By Mabell, Dave on August 12, 2017.
It’s the second ride for Lucas Friel, but he’s sure it won’t be his last.
The Lethbridge man is taking part in this weekend’s Enbridge Ride to Conquer Cancer, a two-day cycling journey through the foothills west of Calgary.
Friel, a father of four, began raising support for his first fundraising ride just months after a Lethbridge surgeon removed a cancerous kidney. A routine physical exam had led to a cancer diagnosis in the summer of 2015.
“I was very lucky,” he says today.
His annual doctor’s appointment included imaging, which indicated a possible abnormality.
Further tests showed a growth that could be malignant, and surgery was scheduled for November. After six weeks of recovery, Friel was declared cancer-free.
It was the early diagnosis and quick response that made the difference, he says.
“Not many people get that kind of luck,” he says.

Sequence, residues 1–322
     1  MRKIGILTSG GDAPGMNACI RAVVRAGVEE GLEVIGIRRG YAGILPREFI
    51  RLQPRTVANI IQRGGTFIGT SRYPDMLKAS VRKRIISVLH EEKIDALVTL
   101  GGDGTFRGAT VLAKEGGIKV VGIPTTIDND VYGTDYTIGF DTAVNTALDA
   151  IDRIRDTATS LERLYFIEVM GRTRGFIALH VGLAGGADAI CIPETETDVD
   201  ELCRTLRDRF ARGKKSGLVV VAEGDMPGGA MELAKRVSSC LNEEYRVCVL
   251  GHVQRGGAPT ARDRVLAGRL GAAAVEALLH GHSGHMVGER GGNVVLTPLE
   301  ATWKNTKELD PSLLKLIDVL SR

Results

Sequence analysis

It’s Albertans’ support for cancer research and treatment that made it possible, Friel believes.
“I feel I have to pay it back.”
So along with thousands more, he raised $2,500 or more to earn an entry into this year’s 230-kilometre journey, starting early today at Canada Olympic Park. The proceeds stay in Alberta, he points out, in support of research, clinical trials, the discovery of new therapies and enhanced care for Albertans battling some form of cancer.
Some of this weekend’s riders are still in treatment, he notes. Others are family members or friends.
“The ride really helps people stay positive,” he says.
Event organizers provide plenty of support, Friel says. If there’s a mechanical breakdown – or a rider becomes too exhausted to continue – there’s shuttle service to the next pit stop or rest area.
“There’s food, water and medical care,” and, of course, washrooms.
The event also has its cheerleaders, encouraging riders to reach the next rest stop.
But it also receives support from people who live or travel along the route, Friel reports.
“I’m really surprised at the amount of support from the public,” he admits. “It’s really inspiring.”
And it could demonstrate how many Albertans’ lives have been touched by cancer. An estimated 18,600 Albertans will receive a cancer diagnosis this year, health officials say, and about 6,800 of this year’s deaths will be attributed to some form of the disease.
As for Friel, he says he’s spending more time with his children since his near miss. And he’s switched to a job he finds more enjoyable.
“It’s like a second life.”
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